Cramer: Parsing the bullish paradox
Jim Cramer | email@example.com
China is doing horribly, so why not short Vale, instead of buying it, as we did in our charitable trust? Because we are in the perfect bullish paradox, as I heard it described by some nameless soul during some early morning TV watching. The worse it is in China, the more they have to stimulate, so buy. If it gets better, well, buy.
We know that housing's getting better ever so slowly. It's not getting better because of employment growth, though. It is getting better because of pent-up demand and falling supply. We have worked off a lot of the foreclosures in a lot of areas. We have also had families bursting at the seams in the houses of parents. So household formation plus reduced supply spells better earnings for the homebuilders.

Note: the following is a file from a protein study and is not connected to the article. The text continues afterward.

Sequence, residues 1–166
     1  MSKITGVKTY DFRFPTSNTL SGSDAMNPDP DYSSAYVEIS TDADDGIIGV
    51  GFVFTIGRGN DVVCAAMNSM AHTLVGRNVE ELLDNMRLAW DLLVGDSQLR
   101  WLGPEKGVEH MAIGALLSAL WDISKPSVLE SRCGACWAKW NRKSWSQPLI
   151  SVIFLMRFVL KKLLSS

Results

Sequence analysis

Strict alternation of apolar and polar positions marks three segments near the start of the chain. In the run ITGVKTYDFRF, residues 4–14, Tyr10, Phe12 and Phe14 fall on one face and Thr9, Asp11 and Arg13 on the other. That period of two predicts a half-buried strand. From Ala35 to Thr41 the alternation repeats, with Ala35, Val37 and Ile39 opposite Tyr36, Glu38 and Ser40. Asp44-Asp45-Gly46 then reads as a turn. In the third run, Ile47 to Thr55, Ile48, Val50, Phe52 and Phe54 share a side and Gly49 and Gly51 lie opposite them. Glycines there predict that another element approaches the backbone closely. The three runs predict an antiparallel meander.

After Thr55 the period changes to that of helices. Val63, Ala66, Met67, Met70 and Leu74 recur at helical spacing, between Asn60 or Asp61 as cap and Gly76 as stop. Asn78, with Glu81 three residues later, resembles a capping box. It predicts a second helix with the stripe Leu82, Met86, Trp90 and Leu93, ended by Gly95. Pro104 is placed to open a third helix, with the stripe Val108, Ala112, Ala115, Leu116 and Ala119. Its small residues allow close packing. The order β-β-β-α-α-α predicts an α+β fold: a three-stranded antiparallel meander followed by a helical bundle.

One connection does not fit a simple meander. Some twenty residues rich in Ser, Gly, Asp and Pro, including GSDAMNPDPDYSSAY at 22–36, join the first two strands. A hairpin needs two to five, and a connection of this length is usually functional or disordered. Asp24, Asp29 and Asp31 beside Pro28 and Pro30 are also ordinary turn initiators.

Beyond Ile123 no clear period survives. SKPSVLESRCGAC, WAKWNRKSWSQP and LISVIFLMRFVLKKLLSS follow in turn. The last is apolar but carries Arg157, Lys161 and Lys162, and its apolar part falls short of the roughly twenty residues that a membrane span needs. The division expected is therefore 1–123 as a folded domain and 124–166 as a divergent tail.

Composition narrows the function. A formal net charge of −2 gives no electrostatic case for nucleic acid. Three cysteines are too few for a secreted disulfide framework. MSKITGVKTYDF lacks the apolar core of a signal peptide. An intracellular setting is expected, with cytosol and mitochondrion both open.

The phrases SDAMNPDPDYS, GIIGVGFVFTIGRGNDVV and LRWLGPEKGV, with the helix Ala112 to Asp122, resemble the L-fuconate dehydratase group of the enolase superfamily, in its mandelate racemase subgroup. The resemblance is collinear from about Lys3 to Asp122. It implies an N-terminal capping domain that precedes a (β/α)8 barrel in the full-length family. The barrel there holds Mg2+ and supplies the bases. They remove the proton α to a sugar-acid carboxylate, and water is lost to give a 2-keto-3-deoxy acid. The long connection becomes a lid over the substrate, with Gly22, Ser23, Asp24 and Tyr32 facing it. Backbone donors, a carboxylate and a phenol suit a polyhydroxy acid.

We heard from Avnet the other night that the last two weeks of June were horrendous and that July was no better. Horrid for tech. But then Cisco got two upgrades--terrific for tech.
It goes on and on. For every bit of bad news, there seems to be something good. But what's most noteworthy is that we don't expect anything good. We are so used to everything either being one way or the other, but we don't have that kind of environment. So the negative pin action on disappointments such as reports from Monster Beverage or Chipotle Mexican Grill or Priceline simply gets blunted.
Therefore, you get some decent earnings news with a backdrop of gently rising rates and a quiet Europe, and the next thing you know--voila!--you have the hated rally that you see on your screen.
Random musings: You cut numbers enough, a la Alpha Natural Resources, and even a horrendous quarter can drive the stock higher.
Disclosure: Cramer's charitable trust has a position in VALE.